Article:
I hark back to the days of film when you bought a camera and used it until it got broken beyond reasonable repair or it was worn out.
Now some camera manufacturers bring out a new model every couple of years. I think Canon and Nikon work on a four year cycle which is a good sign. It shows they expect the likes of the EOS 5D MK4 or the Nikon 850D to last for four years professional use. Many last much longer.
Although not used professionally (but not treated very sympathetically) my EOS 5D MK2 is still going strong and I bought it in 2012 when the mark 3 was released.
You can save a lot of money by buying the camera before the current model. You can save even more by buying it second hand although look out for cashback’s and discounts on new cameras. Some photographers like to have the latest camera and buy it as soon as they can, trading in their old model. This keeps the second hand market buoyant. Buy second hand from a reputable dealer and you can get a very good camera at a keen price. Cameras don’t hold value well and depreciate at probably around the same rate as computers and cars.
The photographic internet is waiting with eagerness for the release of the Canon EOS R5 which is due out soon and by some accounts is a remarkable camera. We know some of the specifications but not the price or resolution. We know that it will record 8K video and is rumoured to have probably a 44 megapixel sensor. It may be over specified for many. To me, the lack of price rings alarm bells. I’ve found that when an item is well priced the amount is usually displayed prominently.
The amount of $10500 Australian was released on an Australian website some time ago. It was later said this was a placeholder amount to facilitate comping. If you are cynical you may well think it was Canon testing the market.
Many will be hurting financially after the crisis and reluctant to part with money to upgrade their current camera, that is more than likely still working just fine. Also I’m not convinced everyone is as eager to dump their DSLR to go mirrorless as some YouTubers would have us believe.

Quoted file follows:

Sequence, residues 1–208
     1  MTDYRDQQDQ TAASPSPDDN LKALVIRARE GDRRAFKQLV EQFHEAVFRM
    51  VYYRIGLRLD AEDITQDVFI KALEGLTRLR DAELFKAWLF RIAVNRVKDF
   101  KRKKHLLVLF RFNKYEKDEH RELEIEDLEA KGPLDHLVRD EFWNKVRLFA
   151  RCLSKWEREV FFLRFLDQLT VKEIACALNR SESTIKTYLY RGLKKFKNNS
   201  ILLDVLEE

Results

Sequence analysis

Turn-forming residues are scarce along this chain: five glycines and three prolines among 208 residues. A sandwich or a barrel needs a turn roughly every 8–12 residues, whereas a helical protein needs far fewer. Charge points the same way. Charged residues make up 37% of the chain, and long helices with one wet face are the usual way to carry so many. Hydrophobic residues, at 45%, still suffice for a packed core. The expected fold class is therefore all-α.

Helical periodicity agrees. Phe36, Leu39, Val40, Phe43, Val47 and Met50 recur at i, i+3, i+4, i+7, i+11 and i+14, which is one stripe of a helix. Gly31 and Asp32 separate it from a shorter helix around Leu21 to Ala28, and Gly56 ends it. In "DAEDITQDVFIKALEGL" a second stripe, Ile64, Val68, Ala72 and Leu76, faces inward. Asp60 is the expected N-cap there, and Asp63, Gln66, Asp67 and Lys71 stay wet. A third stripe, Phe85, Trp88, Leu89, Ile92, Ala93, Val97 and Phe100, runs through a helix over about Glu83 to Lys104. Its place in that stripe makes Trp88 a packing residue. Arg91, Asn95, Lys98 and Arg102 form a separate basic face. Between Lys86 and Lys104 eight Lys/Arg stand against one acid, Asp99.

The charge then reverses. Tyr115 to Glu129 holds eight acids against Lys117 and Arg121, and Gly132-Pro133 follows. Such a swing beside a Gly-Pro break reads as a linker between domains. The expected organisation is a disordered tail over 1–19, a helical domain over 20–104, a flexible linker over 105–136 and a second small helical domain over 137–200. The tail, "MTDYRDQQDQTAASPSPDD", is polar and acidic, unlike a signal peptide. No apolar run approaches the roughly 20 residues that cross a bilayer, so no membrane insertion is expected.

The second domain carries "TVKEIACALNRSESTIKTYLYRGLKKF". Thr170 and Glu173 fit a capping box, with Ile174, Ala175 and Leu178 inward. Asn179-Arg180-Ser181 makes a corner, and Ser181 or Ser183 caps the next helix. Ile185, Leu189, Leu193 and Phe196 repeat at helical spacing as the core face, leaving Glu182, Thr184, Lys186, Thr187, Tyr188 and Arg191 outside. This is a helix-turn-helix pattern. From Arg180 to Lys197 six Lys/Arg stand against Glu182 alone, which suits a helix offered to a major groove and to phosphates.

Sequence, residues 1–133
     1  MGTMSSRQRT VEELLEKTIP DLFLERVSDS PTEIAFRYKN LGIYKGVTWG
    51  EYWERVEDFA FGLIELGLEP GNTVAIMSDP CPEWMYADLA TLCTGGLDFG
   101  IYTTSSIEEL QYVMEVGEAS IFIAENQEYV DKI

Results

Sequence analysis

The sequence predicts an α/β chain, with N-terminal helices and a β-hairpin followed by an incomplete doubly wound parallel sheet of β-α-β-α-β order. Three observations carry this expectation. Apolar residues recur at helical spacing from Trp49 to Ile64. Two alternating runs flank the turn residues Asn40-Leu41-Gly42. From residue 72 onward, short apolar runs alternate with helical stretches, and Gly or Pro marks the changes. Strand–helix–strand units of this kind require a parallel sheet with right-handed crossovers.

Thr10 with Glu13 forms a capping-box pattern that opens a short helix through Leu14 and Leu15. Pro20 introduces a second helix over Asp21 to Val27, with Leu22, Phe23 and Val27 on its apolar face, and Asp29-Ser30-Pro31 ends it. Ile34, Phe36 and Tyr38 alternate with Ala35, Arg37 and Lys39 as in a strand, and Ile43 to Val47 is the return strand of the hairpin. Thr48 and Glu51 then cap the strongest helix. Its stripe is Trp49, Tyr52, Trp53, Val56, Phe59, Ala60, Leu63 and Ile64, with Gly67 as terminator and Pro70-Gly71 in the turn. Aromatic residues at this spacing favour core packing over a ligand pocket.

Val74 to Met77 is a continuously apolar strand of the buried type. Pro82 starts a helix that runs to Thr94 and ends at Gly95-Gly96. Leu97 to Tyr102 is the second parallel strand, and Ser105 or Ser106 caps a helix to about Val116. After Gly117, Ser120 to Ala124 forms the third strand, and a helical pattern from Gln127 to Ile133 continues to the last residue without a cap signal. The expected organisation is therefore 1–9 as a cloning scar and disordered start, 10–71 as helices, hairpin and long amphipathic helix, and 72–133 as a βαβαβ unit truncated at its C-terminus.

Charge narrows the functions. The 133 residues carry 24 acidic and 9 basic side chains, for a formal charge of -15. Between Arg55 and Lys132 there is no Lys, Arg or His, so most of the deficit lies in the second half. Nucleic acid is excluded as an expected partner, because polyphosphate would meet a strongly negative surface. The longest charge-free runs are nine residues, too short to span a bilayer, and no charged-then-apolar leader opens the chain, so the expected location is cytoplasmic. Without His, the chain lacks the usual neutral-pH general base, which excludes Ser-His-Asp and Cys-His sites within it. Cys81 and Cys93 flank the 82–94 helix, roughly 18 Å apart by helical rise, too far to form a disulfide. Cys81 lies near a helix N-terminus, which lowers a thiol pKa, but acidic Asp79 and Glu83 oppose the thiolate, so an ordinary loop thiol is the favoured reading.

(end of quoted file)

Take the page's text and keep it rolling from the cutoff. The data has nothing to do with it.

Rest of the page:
It has been suggested that the R5 will be priced similarly to the EOS 5D Mk4 when it was released. That would price it at about £3500. This pricing estimate seems to owe much to the fact that both cameras have a 5 in their name. It may well be wishful thinking. The Canon 1DX Mk 3 is around £6400 so we can be fairly sure it will be less than this. In a post Coronavirus world what photographers will see as a reasonable price is anyone’s guess. There is also talk of an EOS R6 with lower specifications and a lower price.
Most of us believe that lenses are more important than camera bodies and Canon photographers, who choose to buy a Canon mirrorless camera, may well want to keep their ‘L’ series lenses to keep costs manageable and ease into the new model. Lenses for the Canon mirrorless range, although very good, are expensive. Both current Canon mirrorless cameras, I believe, come with adaptors allowing EF lenses to be used so I imagine the EOS R5 will too.
I’m looking forward to seeing it.
I walked into Bangor yesterday and saw that children had attached artwork to the railings of the Presbyterian Church to say thank you to front-line workers during the Corona virus pandemic. As well as images of Doctors and Nurses and NHS staff, Taxi Drivers, Police Officers, Pharmacists, Supermarket Workers and others were depicted. It was good to see.